In today’s Gospel story, as soon as Jesus tells the disciples about his death on the cross, Peter takes him aside and begins to rebuke him, saying, “God forbid it, Lord! This must never happen to you” (Matthew 16:22). We can easily understand where this Peter’s immediate and impulsive response comes from. For Peter, Jesus has been his only hope. He left everything to follow him. With Jesus, he could dream of the great new Kingdom. And Jesus is the one who can actualize the better future for him. But all his wishes are now shattered by this devastating news from Jesus. And it is not easy for him to give up all his desires, although he believes that Jesus is going to do what God asks him to do. So Jesus admonishes Peter, “Get behind me, Satan! You are a stumbling block to me; for you are setting your mind not on divine things but on human things” (16:23). Then, Jesus also awakes other disciples, “If any want to become my followers, let them deny themselves and take up their cross and follow me” (16:24). Indeed, to follow Jesus, to follow his way of love, we should take up our cross. We should learn how to set our mind on divine things, how to deny ourselves for the sake of others.
I have to tell you, these days, it is hard to find a church that encourages their members to take up their cross, because this type of message makes people uncomfortable and feel urged. I know that. In contrast, it is easy to find a church that spreads the so-called prosperity gospel. It tells us that if we believe in God, we will be successful; we will be blessed with health and wealth; we will be like the winners of the world. I don’t think this gospel tells us untruth or deceives us. And I do believe that we are blessed for we know Jesus and follow him. However, what really concerns me is that the messages of the prosperity gospel may lead people to misunderstand the way of following Jesus. It may give people an impression that the way of following Jesus is not the way of self-denial and self-sacrifice, but it’s the way of self-aggrandizing enterprise with Jesus who is a great life coach.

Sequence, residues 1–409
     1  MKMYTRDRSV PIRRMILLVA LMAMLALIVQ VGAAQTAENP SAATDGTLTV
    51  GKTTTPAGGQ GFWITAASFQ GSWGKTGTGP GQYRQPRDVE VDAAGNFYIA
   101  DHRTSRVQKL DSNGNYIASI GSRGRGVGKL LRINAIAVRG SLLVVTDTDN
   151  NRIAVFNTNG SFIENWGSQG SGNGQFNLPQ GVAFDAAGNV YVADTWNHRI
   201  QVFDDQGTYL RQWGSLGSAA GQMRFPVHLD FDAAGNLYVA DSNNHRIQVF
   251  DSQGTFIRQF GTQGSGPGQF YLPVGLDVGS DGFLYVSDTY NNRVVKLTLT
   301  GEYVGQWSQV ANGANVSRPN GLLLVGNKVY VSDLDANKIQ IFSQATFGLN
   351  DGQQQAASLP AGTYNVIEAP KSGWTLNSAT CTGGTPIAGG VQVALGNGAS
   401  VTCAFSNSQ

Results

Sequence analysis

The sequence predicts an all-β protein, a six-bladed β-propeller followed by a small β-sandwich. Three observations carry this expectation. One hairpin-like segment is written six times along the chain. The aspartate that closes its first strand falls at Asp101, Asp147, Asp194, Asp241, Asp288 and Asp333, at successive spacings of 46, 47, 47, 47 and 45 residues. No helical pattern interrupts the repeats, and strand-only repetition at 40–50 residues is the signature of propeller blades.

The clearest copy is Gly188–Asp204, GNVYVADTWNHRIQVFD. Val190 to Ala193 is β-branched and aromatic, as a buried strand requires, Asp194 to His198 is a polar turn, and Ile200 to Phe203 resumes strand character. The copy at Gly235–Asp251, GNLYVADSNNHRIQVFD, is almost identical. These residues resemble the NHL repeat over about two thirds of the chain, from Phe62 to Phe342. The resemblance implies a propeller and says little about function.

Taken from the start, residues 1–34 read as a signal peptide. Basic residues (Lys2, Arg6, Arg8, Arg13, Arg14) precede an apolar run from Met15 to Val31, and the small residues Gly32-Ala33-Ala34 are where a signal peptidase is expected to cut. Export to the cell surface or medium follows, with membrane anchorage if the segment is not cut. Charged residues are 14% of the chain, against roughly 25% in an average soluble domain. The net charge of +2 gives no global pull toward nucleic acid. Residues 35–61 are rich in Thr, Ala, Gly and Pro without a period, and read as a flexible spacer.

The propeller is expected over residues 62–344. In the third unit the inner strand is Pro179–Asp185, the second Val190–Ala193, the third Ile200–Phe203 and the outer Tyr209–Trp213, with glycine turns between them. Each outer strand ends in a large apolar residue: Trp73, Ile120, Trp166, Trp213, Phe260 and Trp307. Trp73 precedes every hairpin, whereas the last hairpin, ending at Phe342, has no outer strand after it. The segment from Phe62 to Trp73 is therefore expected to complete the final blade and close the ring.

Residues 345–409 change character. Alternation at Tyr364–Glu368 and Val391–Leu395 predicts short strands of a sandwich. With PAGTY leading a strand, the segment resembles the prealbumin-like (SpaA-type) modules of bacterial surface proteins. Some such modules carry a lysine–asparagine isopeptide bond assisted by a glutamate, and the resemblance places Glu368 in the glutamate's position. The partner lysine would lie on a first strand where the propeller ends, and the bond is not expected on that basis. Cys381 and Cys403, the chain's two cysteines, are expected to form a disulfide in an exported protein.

Sisters and brothers in Christ, let’s not forget that without the cross, there is no gospel, no good news. Without the self-sacrificing love of Jesus, there is no salvation. In Christianity, there is no way that we can skip the cross to reach the glory of God. There is no shortcut toward resurrection without death. There is no empty tomb without the cross, no joy of new life without the risk of losing life. Remember, Jesus says, “For those who want to save their life will lose it, and those who lose their life for my sake will find it” (16:25).
For the people in Texas, and for all the people who are in their own dire situations, what kind of gospel can we testify as the followers of Jesus Christ? Today, I believe, Jesus calls us to witness the gospel of the cross to them. We should let them know that Jesus suffers with them as he did on the cross with his everlasting love and compassion. And today, Jesus calls us to uphold the gospel of the cross for them. In every way, we should help them and share the self-sacrificing love of Jesus Christ with them as our way of following him and taking our cross.
For us, the followers of Jesus Christ, it is not an option to take up our cross. It is our call. It is our sacred duty because we know Jesus’ unending love towards us. As the faithful people who are willing to be the true followers of Jesus Christ and who want to abide in Christ’s love, let us take up our cross. Let us sacrifice our time, our energy, and our life for others, for the church, and for God. And let us deny our selfish desires and our self-interests for something beyond ourselves. May the Holy Spirit guide us always as we take our cross and follow Jesus. Amen.